High Energy and Nuclear Physics (HENP) libraries are now required to be more and
more multi-thread-safe, if not multi-thread-friendly and multi-threaded.
This is usually done using the new constructs and library components offered by
the C++11 and C++14 standards.
These components are however quite low-level (threads, mutexes, locks, ...) and
hard to use and compose, or easy to misuse.
However, Go -- a somewhat new language -- provides a set of better building
blocks for tackling concurrency: goroutines and channels.
This language is now used by the whole cloud industry: docker/moby, rkt,
kubernetes are obvious flagships for Go.
But to be able to perform any meaningful physics analysis, one needs a set of
basic libraries (matrix operations, linear algebra, plotting, I/O, ...)
We present Go-HEP, a set of packages to easily write concurrent software to
interface with legacy HENP C++ physics libraries.
Go-HEP provides packages (in pure Go, no C++ required) to:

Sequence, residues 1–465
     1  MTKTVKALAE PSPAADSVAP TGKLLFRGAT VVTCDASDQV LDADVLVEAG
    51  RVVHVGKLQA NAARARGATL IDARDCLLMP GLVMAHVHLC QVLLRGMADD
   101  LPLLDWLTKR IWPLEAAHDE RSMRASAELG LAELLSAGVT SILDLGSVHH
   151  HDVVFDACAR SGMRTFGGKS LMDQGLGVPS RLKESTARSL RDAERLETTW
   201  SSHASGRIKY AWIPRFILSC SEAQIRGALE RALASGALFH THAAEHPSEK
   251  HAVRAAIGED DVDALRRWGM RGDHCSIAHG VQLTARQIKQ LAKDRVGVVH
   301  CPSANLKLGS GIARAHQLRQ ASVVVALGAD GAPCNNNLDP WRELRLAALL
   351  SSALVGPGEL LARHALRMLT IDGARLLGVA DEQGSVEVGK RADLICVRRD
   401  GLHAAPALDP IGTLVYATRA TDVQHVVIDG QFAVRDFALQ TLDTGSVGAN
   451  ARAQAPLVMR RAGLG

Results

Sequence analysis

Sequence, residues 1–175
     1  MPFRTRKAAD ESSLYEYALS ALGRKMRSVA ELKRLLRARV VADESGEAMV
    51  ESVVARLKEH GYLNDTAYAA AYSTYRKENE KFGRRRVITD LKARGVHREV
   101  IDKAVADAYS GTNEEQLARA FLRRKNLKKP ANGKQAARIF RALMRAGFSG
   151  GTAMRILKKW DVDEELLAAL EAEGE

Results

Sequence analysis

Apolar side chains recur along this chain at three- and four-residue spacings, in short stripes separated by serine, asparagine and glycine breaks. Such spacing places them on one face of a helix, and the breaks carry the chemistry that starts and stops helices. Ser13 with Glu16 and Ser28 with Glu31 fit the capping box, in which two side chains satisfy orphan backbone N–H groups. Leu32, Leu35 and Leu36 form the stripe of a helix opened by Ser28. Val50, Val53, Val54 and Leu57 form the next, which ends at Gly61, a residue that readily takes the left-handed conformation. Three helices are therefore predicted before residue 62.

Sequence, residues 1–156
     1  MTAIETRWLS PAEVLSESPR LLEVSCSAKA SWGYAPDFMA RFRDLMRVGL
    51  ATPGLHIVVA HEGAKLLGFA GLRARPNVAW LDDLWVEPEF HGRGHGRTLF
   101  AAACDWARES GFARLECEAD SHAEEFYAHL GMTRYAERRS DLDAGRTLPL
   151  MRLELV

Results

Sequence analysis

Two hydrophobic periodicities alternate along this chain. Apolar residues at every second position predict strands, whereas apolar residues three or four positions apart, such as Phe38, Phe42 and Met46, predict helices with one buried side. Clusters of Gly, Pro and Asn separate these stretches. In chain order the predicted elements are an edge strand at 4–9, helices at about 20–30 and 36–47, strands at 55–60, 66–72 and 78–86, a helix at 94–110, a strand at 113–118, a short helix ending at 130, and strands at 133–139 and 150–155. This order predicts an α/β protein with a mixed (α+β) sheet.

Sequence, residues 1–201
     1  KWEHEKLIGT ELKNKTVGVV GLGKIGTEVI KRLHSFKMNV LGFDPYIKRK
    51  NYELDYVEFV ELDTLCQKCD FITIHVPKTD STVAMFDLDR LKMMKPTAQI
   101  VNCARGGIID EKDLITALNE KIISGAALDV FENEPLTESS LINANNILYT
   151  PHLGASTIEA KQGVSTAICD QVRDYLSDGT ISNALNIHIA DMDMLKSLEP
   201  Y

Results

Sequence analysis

- read ROOT files (and their content: TH1x, TH2x, TTrees, TGraph)
- read/write YODA and numpy files
- read/write HepMC files
- read/write SLHA files
- read/write Les Houches files
- read/write SIO and LCIO files
- fill, save and load 1D and 2D histograms, scatters and profiles
- create PDF/LaTeX, PNG, JPEG, SVG and interactive plots
But Go-HEP also provides more physics-oriented packages:
- fmom: 4-vectors
- fads: a fast detector simulation toolkit, a reimplementation of C++ Delphes in
- fastjet: a reimplementation of C++ FastJet, in concurrent Go,
- fit: a MINUIT-like minimization package,
- heppdt: HEP particle data tables,
- pawgo: a Physics Analysis Workstation in Go (REPL, plots, I/O)
We will first re-introduce -- quickly -- the concurrent programming building
blocks of Go, its great development environment and tools (easy refactoring,
quick deployment, fast edit/compile/run cycle, etc...).
We then describe two packages (rootio and fads) enabling physics analyses.
Finally, the performances (CPU, VMem) of two applications built with Go-HEP will
be compared to their C++ counterparts: Delphes and Rivet.